When the new pastor set up a pre-Cana program and asked for volunteers, we volunteered and tried to work with him on it. It was difficult. The first few meetings seemed to both my wife and me to be missing a lot about marriage, since he said nothing about its being indissoluble or being a sacrament. But things really went bad when he got to sex. The material he provided described all sorts of ways of trying to make it more enjoyable and then went on to discuss all the methods of contraception, including sterilization, and the pros and cons of each. “Rhythm” was treated along with the rest, as a way of preventing conception by limiting intercourse to infertile periods, but there was no information about how to identify those periods. The pastor said that, while the Church’s official teaching frowns on all the other methods, most couples need a more reliable method and find the abstinence required by rhythm too frustrating, so they exercise their right to follow their own consciences and choose some other method. After that class, we had a long talk with Father, which ended in a shouting match between him and me, with my wife standing by and crying.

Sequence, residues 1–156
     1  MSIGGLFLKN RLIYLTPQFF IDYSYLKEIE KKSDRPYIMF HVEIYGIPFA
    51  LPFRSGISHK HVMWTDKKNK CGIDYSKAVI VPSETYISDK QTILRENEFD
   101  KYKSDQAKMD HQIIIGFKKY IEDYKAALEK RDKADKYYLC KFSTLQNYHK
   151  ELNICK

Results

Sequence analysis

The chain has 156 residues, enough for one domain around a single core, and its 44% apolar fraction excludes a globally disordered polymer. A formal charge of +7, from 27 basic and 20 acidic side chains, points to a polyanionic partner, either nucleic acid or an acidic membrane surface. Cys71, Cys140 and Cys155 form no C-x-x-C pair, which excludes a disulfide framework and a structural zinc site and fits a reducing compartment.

That was all bad enough but then we had the trouble about Mary Pat’s preparation for first Communion, and a number of similar problems with the religious education teacher. Neighbors of ours with children in the higher grades also had problems. Around Easter, the teacher told the children in one class that it did not really matter if Jesus’ remains were still in a grave somewhere in Israel. The same teacher’s sex education classes upset a good many parents, because she clearly told the children that masturbation, premarital sex, and homosexual behavior “generally are no big deal” (that is, usually should not be regarded as seriously wrong).
We and those other parents have tried to discuss these problems with the pastor and the religious education teacher. We tried not once or a few times, but many times over the past five years. We always have been told something like: “I am the pastor, and it is up to me to decide about these things. I am sorry that I cannot please everybody. You are just too conservative.” Or: “I am in charge of religious education, and have a master’s degree in it. The program here follows the latest and best approaches. You should not try to interfere by telling your children something different from what I am teaching them.” The pastor and teacher always support each other.